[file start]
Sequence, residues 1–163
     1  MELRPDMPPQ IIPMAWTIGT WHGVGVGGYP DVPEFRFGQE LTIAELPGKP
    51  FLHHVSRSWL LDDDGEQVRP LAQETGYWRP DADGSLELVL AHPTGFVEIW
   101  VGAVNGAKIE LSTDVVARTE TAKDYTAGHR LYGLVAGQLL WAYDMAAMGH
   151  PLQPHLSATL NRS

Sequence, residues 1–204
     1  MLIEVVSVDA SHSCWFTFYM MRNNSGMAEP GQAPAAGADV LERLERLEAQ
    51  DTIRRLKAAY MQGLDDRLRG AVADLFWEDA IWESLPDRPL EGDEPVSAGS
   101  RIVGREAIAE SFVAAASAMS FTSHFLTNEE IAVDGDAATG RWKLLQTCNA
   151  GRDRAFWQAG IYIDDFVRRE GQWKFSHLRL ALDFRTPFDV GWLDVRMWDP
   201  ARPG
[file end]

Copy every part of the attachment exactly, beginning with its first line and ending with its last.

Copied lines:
Sequence, residues 1–163
     1  MELRPDMPPQ IIPMAWTIGT WHGVGVGGYP DVPEFRFGQE LTIAELPGKP
    51  FLHHVSRSWL LDDDGEQVRP LAQETGYWRP DADGSLELVL AHPTGFVEIW
   101  VGAVNGAKIE LSTDVVARTE TAKDYTAGHR LYGLVAGQLL WAYDMAAMGH
   151  PLQPHLSATL NRS

Sequence, residues 1–204
     1  MLIEVVSVDA SHSCWFTFYM MRNNSGMAEP GQAPAAGADV LERLERLEAQ
    51  DTIRRLKAAY MQGLDDRLRG AVADLFWEDA IWESLPDRPL EGDEPVSAGS
   101  RIVGREAIAE SFVAAASAMS FTSHFLTNEE IAVDGDAATG RWKLLQTCNA
   151  GRDRAFWQAG IYIDDFVRRE GQWKFSHLRL ALDFRTPFDV GWLDVRMWDP
   201  ARPG